As always, I've turned the deer topper upside down, drawn around it a few times and then cut and glued the 'cut outs' into place behind the topper for extra strength.  I also love the way this helps the image to 'pop' off the page a little... 

...  and I've cut around double the amount of those pretty red flowers that you can see, cutting into some of them more than others before layering them up and adding the Rhinestone Gems. 

As for the Pearl Glue?
If you look very closely, you should see that each flower sequin has a tiny drop of it in its centre...  and if you carry on looking closely you should also catch just a hint of it all around the edge. 




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Craft Consortium supplies used:

Winter Woodland

Santoro - Kori Kumi

Always & Forever


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Other supplies used:

Dies:
Tattered Lace 'Essentials Box Base + Lid'
Sizzix Thinlits 'Birch Trees'


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If you've had the time to stop by today, 'thank you' so, so much...
I know how busy we can all get so I really do appreciate it.

I've got a few more ideas to share with you over the next few weeks, but that's it for now!


Donna. x

Monday, 16 October 2017

Craft Consortium, Tell The Bees, Resin Flower Tag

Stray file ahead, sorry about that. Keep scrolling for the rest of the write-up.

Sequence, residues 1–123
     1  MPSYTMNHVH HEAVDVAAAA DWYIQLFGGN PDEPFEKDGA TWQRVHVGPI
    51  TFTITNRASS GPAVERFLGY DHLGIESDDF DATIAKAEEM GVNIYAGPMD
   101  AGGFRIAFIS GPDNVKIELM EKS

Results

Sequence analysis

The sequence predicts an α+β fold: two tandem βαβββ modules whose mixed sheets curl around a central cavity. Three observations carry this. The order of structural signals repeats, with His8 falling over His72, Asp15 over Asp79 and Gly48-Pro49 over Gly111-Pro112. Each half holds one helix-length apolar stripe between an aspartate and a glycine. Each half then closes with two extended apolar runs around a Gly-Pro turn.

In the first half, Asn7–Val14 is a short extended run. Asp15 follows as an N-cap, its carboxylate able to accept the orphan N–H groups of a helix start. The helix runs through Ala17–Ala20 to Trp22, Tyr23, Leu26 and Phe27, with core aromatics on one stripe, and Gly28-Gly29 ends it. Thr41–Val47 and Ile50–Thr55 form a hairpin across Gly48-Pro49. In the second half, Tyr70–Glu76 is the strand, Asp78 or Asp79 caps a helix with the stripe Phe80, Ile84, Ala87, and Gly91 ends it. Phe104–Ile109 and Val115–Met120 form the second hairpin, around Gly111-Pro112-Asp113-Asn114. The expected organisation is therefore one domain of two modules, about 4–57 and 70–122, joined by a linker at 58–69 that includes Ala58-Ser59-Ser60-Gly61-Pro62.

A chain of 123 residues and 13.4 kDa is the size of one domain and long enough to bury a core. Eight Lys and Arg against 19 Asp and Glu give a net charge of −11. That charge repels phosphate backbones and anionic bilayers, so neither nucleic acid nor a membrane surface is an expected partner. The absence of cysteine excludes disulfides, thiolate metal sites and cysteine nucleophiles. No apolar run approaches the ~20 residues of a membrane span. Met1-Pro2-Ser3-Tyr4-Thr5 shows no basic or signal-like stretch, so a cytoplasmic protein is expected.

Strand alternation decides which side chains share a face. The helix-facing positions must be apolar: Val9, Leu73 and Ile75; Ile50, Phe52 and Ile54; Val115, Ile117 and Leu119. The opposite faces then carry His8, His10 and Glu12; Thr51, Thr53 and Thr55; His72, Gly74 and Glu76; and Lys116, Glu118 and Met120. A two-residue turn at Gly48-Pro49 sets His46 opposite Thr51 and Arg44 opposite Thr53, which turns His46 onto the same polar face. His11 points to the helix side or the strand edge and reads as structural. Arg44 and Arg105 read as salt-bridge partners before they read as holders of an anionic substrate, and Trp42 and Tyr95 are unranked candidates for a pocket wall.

I had so much fun making this bright and cheery tag that I'm sharing with you today.
Yes, it's another from the Craft Consortium, 'Tell The Bees' collection...  yet this time my focus is not on the papers - it's on the stamp set itself.

Want to see?







I'm a great believer in 'mixing things up', so for me the idea was to keep the bees black and white so that the focus of the colour lies elsewhere on the tag.


Here's a visual breakdown so you can see just how simply this tag can be made...






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Craft Consortium supplies used:

Tell The Bees

Santoro - Kori Kumi


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Other supplies used:

Ink
Versafine - Black
Brilliance Lightening Black
Holtz Distress - Twisted Citron
Holtz Distress - Walnut Stain
Stazon - Timber Brown

Mulberry Paper 
Acetate - scrap from craft packaging


*


Before even starting to decorate this tag, I made sure that the base of it was thick and durable by gluing a few layers together - but that's a personal preference thing, I guess.  I just know from experience that I prefer my tags to feel 'sturdy'.

Then I focused on the bees... 
In addition to layering them up from the back (stamp image, cut it out, turn it upside down, draw around it, cut it out and glue into position behind the stamped image) three or four times, I've also stamped and cut out additional parts to add extra dimension to the front.

See that top itty bitty bee?  That has an extra 'body' part.
The middle bee?  Cut an additional head and wings - just taking out that slight sliver of body in the middle.
...  And the bottom bee?  Extra 'wings'.


Threading two leaf ribbons through the tag at the top, then weaving them gently together before tying into place with a piece of brown raffia cord was all that was needed to complete this fun looking tag.


I do hope you're enjoying my ideas on how to use this set.
It really is so versatile.


Thanks once again for taking the time to stop by...


Donna. x